On Friday, President Donald Trump took historic action to deliver lower prescription drug prices to American patients. The President signed four Executive Orders on drug pricing directing the Secretary of Health and Human Services (HHS) to take several steps to deliver for American patients lower costs on prescription drugs, including insulin and epinephrine, and ensure Americans are getting the lowest price possible for their drugs.
The executive orders instruct HHS to take a number of actions:
- End a shadowy system of kickbacks by middlemen that lurks behind the high out-of-pocket costs many Americans face at the pharmacy counter. Under this action, American seniors will directly receive these kickback as discounts in Medicare Part D. In 2018, these Part D discounts totaled more than $30 billion, representing an average discount of 26 to 30 percent.
- Require federally qualified health centers who purchase insulin’s and epinephrine in the 340B program to pass the savings from discounted drug prices directly on to medically underserved patients. This will increase access to life-saving insulin and epinephrine for the patients who face especially high costs among the 28 million patients who visit FQHCs every year, over six million of whom are uninsured.
- Finalize a rule allowing states to develop safe importation plans for certain prescription drugs.
- Authorize the re-importation of insulin products made in the United States if the Secretary finds re-importation is required for emergency medical care pursuant to section 801(d) of the Food, Drug, and Cosmetic Act.
- Create a pathway for safe personal importation through the use of individual waivers to purchase drugs at lower cost from pre-authorized U.S. pharmacies.
- Take action to ensure that the Medicare program and seniors pay no more for the most costly Medicare Part B drugs than any economically comparable OECD country, ending foreign countries’ free loading off the backs of American taxpayers and pharmaceutical investments. This order takes effect in 30 days unless Congress acts.
“President Trump has already done more than any other President to lower drug costs,” said HHS Secretary Alex Azar. “No President has ever taken action on drug prices as bold as any one of today’s individual actions. Today’s executive orders will deliver billions of dollars in discounts directly to patients at the pharmacy counter, safe low-cost imported drugs for Americans, the best deals for America on highly expensive drugs, and direct discounts passed on to patients on important drugs from community health centers. The President’s new efforts to cut drug costs are about making it affordable for American patients to be in control of their own health, their own healthcare choices, and the care they decide on with their own doctor.”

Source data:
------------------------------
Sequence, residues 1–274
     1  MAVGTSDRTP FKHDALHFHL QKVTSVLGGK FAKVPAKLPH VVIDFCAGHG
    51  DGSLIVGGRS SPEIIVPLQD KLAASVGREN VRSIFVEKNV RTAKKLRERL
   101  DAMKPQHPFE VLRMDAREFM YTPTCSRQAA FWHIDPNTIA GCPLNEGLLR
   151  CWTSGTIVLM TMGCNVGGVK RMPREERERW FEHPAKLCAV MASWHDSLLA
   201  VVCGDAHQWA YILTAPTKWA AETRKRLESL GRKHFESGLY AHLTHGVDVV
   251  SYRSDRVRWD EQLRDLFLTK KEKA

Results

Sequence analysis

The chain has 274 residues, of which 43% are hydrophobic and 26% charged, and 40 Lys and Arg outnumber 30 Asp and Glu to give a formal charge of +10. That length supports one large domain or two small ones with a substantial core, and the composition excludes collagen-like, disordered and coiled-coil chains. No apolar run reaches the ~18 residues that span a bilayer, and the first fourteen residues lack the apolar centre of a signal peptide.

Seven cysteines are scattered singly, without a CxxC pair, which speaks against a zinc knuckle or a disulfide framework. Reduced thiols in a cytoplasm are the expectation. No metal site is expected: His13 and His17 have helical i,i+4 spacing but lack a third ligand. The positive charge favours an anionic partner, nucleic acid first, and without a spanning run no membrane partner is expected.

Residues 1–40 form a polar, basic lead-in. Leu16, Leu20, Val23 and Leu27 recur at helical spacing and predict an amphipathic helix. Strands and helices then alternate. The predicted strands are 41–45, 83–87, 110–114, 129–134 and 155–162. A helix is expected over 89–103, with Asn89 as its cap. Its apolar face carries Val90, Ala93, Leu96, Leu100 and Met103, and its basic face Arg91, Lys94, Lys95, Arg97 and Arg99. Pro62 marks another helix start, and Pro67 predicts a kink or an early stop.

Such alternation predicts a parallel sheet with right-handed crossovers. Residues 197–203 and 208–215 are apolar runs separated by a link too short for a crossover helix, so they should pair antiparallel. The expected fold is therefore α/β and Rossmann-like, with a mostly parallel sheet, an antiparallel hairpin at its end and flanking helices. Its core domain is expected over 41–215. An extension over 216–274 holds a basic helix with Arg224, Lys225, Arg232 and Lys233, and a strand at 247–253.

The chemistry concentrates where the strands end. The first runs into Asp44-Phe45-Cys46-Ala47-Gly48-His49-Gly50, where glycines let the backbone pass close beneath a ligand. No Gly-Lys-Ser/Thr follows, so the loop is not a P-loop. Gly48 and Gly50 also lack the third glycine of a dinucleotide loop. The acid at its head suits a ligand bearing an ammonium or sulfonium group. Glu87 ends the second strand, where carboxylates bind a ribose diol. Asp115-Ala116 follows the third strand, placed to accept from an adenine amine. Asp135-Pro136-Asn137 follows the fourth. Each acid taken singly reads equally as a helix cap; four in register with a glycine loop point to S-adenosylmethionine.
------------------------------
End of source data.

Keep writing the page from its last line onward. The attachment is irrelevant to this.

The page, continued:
Link to Link to Executive Orders
White House fact sheet
Upcoming webinar explores how place influences health
Join us on May 12 at 3pm ET to learn about how place matters for creating conditions for residents to thrive. During this webinar, we will feature guests from three communities—Jefferson County, Alabama; Blair County, Pennsylvania; and 2019 RWJF Culture of Health Prize winner Greenville, South Carolina–that have used our data, evidence, and guidance to improve health locally. Our guest presenters will share lessons they have learned about what is needed to create health and equity in their communities.
“Place is a powerful predictor of who is healthy, who is sick, and who lives longer.” -Kadie Peters, Vice President of Impact Strategy and Resource Development at United Way of Central Alabama and featured guest speaker.
“Through our work here in Greenville, we have grown in our understanding and awareness of how race and voter disenfranchisement impact what voices are heard, especially with our single district minority representation at the county and state level. We understand that giving all voices the opportunity to speak and be heard is an important tool in impacting health policy in our community.” -Addy Matney, featured guest speaker from LiveWell Greenville.
Tuesday, May 12 at 3pm ET